I’ve just gone live with the brand new updated version of the robinwilkie.co.uk website.
I’ve split up the content from the old one page website to separate About, Work and Contact pages. I took this opportunity to add new content to my portfolio page including recent websites I’ve been commissioned to develop for Harrison Scott Associates and MSP Recruitment Solutions, as well as some new personal projects.
I’ve also used some new skills to develop the new website including using SVG backgrounds, CSS Grid and SASS.
As always, it’s a work in progress so I’ll keep adding and changing things to keep the website up to date.
Is freelancing when working in the creative industries the road to success? The Royal Society of Arts has predicted that the self-employed will outgrow public-sector workers by 2018 so it’s clear that more and more people are embracing the freelance lifestyle. There are benefits and drawbacks to both types of working but here I’ll be examining freelancing, especially when it comes to web and mobile development.
Working freelance allows you to work on diverse projects. Rather than work on one project or in one particular discipline a freelancer can pick and choose what type of work to do. This helps keep a freelancer creatively stimulated and allows them to develop naturally and, also, means a freelancer can choose not to work on a project they perhaps find unethical. In my case I can work on an e-commerce website one week and the next week I can be producing a mobile geolocation app.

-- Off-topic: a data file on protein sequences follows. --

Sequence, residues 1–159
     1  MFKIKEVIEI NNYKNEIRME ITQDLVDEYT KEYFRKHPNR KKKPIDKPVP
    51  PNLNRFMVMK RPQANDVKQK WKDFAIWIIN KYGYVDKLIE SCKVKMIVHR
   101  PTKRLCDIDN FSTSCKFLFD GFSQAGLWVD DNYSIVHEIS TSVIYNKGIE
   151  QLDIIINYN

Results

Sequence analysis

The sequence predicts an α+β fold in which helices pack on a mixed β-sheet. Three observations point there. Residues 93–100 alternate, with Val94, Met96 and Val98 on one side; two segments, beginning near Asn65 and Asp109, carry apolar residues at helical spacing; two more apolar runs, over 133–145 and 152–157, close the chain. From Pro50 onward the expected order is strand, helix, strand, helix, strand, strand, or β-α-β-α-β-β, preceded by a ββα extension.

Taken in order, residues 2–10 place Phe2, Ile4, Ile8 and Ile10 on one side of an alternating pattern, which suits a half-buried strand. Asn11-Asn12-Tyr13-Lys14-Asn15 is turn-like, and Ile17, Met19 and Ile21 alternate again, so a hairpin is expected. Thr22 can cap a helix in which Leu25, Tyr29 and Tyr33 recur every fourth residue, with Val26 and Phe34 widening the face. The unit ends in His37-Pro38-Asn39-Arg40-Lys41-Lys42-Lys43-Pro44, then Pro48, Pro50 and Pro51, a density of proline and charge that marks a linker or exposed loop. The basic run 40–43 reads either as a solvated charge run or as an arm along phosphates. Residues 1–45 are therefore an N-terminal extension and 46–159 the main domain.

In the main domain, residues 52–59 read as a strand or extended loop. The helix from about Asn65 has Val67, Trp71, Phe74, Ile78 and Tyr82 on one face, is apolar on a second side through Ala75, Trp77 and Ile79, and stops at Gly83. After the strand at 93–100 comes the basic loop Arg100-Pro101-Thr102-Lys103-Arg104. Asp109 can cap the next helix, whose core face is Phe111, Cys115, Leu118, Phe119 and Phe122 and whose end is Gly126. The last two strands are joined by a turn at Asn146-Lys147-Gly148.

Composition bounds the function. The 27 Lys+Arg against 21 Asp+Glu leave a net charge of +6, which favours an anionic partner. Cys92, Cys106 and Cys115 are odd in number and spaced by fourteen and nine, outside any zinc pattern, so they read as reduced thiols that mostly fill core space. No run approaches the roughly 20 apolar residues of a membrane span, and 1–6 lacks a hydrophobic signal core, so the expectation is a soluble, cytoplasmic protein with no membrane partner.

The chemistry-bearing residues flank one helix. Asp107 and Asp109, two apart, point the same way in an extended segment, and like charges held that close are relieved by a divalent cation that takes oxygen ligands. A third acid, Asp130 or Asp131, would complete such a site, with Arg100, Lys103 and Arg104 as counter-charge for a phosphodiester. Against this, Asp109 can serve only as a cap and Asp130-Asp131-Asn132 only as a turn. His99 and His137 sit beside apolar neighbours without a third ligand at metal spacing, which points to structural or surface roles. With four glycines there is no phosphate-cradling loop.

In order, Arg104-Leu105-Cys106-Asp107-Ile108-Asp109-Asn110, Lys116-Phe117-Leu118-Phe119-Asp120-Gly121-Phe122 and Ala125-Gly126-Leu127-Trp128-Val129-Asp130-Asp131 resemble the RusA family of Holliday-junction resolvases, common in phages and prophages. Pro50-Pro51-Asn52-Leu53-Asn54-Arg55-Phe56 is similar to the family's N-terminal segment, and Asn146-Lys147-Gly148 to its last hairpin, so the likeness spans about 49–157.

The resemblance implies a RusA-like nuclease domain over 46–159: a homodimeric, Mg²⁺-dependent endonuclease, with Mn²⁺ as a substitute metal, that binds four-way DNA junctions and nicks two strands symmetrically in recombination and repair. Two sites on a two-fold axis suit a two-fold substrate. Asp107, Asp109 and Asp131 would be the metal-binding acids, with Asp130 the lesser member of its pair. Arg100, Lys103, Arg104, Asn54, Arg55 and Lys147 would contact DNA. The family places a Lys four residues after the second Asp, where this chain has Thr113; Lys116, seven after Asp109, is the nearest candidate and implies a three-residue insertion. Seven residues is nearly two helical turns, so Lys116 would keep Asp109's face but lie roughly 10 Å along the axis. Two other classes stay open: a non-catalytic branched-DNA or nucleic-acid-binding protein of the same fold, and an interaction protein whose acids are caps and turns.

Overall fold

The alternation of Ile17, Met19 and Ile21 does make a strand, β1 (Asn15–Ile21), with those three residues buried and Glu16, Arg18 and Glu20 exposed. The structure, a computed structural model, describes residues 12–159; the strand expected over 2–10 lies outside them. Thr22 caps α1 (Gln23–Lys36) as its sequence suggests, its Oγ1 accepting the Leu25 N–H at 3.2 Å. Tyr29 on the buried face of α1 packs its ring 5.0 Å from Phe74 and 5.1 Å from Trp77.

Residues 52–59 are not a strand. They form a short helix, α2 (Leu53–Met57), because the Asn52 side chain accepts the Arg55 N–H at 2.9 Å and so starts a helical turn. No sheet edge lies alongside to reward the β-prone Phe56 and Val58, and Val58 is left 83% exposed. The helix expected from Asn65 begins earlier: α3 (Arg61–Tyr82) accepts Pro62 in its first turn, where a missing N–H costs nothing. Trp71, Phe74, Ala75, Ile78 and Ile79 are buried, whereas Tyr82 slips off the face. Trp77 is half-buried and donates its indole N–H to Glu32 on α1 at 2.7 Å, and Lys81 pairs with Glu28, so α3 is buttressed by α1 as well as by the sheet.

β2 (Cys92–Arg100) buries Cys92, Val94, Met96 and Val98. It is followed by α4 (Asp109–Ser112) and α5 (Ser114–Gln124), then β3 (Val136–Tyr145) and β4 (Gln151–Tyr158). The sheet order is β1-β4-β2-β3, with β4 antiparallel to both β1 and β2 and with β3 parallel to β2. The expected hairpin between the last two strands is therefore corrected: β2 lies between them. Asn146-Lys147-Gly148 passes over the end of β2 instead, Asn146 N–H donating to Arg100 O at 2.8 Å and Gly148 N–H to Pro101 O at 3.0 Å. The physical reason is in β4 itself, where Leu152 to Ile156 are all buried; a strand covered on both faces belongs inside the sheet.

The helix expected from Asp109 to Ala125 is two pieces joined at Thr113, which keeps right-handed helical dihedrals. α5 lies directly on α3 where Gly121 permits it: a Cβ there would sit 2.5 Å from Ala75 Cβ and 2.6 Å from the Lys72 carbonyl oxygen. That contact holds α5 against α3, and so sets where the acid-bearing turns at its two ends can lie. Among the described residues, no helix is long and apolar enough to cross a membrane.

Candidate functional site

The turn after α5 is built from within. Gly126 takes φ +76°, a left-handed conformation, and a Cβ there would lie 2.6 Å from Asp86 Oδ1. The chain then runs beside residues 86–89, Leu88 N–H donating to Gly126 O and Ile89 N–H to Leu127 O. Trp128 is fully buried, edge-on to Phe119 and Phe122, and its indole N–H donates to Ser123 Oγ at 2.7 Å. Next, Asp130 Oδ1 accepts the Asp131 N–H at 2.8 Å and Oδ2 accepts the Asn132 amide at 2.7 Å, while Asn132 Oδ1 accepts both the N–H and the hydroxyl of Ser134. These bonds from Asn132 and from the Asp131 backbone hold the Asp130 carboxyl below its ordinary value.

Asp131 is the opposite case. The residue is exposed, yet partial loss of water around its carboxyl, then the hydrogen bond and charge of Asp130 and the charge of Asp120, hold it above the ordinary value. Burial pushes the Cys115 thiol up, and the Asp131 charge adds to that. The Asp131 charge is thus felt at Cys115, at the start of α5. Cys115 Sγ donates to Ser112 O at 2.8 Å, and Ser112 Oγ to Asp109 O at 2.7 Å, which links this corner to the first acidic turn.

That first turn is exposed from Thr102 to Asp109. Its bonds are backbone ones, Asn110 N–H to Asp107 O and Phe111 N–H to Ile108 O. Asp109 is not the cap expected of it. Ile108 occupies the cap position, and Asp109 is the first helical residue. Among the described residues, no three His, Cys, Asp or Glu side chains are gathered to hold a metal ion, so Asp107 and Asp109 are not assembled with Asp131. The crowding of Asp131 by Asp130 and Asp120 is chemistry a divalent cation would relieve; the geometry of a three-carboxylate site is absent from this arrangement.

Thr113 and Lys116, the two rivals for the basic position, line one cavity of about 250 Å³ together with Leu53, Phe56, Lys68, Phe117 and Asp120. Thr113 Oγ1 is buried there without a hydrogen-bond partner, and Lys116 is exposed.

Freelance work can also give you time to work on your own projects. During the summer, I did freelance work producing content for a hotel groups staff app. I completed the work in my own time meaning I also had opportunity to work on my side project producing an app and putting it in app stores.
You can work wherever and whenever suits you. This is especially beneficial if you have children or are responsible for caring for someone else.
When you work as a freelancer there is no guarantee of steady work coming in. Weeks or months could go by with barely any work and this leads to money worries. While there is little security in permanent jobs nowadays there is no promise of stability being a freelancer.
As a modern-day freelancer in the creative industries you have to compete with online websites such as Upwork or Freelancer. Many people see this as a race to the bottom as you have competition from all over the world, including freelancers from countries that can undercut your prices, as the value of money in their country is vastly different to yours.
If you decide to become a freelancer then you have to deal with paying your own taxes. This can be overwhelming if you have many different projects and have no experience claiming your income.
One of the most important things you can do as either a freelancer or company worker is network. Meeting new people is the most successful ways to gain new clients or make new contacts that can help you with your growth and improvement. Every new contact is a potential client or someone who can refer you to someone else.
Networking can be done online through social business networks such as LinkedIn or, more beneficial, face-to-face. Websites such as Meetup, Eventbrite or CodeCraft hold regular networking opportunities for a lot of creative industry disciplines. They meet in informal settings where you can meet up with others within your chosen profession, chat and ask questions.
These site were especially handy for creating this blog post: